Author: Chris Young at Interesting Engineering
Barcelona-based startup launches first-ever 5G standard low-Earth orbit satellite
Sateliot's constellations will essentially function like "cell towers in space", according to CEO Jaume Sanpera.
Startup Sateliot is developing "cell towers from space" designed to provide low-cost, global 5G coverage.
• It aims to launch 64 of its satellites to low-Earth orbit by next year, and 256 by 2025.
• "Sateliot opens up a new era of the telecommunication industry," CEO Jaume Sanpera told IE.
Barcelona-based company Sateliot launched its first satellite aboard SpaceX's Falcon 9 rideshare mission, Transporter 7, on April 15.
The satellite, dubbed "the Groundbreaker", is the first of a constellation that Sateliot believes could lead a "revolution" in which cellular terrestrial telecom "merges seamlessly with satellite connectivity", the company explained in a
recent press statement.
The small, 22-pound (10-kilogram) satellite, also known as Sateliot_0, is reportedly the first-ever in low Earth orbit (LEO) to operate on the 5G cellular standard. It will communicate directly with cell towers on Earth and is designed
essentially as a "cell tower in space" that can fill the gaps in global data networks.
If all goes to plan, Sateliot aims to eventually have a constellation of 256 satellites in LEO by 2025. Its first goal is to send 64 satellites to orbit by the end of next year.
Those satellites could provide communications to some of the most isolated locations on Earth, allowing enough coverage to send an emergency message from remote locations.
The system could save lives by allowing stranded individuals to seek help. According to Sateliot, it could also help transform sectors such as the agriculture, logistics, and maritime industries, which often require connectivity in remote locations. The company has, to date, signed three deals with firms in these sectors, worth roughly $1.1 billion.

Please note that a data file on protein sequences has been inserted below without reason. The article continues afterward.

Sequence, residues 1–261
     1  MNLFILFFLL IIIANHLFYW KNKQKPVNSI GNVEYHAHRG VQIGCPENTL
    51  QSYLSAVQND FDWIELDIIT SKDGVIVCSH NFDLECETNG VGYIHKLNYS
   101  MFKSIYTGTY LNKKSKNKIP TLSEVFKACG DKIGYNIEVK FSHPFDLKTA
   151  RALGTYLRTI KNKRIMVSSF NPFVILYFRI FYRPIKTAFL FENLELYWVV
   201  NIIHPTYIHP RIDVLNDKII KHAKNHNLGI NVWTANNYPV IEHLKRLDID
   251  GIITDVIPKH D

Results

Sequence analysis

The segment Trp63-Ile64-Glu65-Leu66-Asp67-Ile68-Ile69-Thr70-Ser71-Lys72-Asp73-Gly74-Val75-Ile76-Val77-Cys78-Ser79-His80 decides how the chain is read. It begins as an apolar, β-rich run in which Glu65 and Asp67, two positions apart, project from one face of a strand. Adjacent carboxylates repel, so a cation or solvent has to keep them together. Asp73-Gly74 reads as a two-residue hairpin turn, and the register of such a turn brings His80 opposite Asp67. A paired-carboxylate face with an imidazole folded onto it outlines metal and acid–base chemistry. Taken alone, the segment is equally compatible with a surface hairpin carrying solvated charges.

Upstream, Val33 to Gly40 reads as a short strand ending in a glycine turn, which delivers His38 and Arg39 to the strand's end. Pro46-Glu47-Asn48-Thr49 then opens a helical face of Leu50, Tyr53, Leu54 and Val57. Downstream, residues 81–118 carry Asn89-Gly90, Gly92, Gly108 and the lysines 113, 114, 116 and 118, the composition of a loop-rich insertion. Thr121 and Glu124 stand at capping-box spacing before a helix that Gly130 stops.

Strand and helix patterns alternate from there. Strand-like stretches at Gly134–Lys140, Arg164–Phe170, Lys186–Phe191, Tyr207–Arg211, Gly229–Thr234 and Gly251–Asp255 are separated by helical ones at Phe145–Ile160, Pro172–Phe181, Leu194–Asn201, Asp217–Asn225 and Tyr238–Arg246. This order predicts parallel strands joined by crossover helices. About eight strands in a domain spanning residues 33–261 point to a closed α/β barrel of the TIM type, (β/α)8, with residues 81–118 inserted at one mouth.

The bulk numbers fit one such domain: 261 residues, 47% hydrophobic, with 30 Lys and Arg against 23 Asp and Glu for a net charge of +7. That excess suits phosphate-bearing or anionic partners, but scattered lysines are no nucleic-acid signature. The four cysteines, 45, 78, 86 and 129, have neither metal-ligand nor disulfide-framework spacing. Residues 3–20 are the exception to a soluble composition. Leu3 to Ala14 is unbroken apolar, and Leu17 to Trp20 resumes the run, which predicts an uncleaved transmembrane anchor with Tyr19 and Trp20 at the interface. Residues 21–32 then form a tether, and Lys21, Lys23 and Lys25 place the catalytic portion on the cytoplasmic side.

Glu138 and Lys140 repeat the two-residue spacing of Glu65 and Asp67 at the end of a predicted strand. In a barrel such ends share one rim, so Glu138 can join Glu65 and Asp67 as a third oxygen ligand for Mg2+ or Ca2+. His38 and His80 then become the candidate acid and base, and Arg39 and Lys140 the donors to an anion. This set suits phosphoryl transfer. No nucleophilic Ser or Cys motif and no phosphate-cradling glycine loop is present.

We spoke with Sateliot CEO Jaume Sanpera about the potential of Sateliot's constellation, why Sateliot chose a multi-colored, fire-breathing dragon for its first mission insignia (above), and how it intends to grow its operations over the
coming months and years. The following conversation has been edited for clarity and flow.
Interesting Engineering: Why did you choose to name your first satellite ‘Groundbreaker’ and what is the significance of the mission’s dragon insignia?
Jaume Sanpera: "We chose the name "the Groundbreaker" due to its disruptive character: no other orbiting LEO satellite delivers 5G standard technology yet, so we are setting a milestone in satellite telecommunications with the Groundbreaker.
"The dragon symbolizes strength, confidence, and knowledge. Sateliot is a Barcelona-based company, so we chose not just a dragon, but a multicolor, fire-spitting, Gaudí-style dragon as the mission insignia. We did it as an homage to the Catalan master artist Antoni Gaudí, who was a world-famous architect and designer known as the greatest exponent of Catalan Modernism.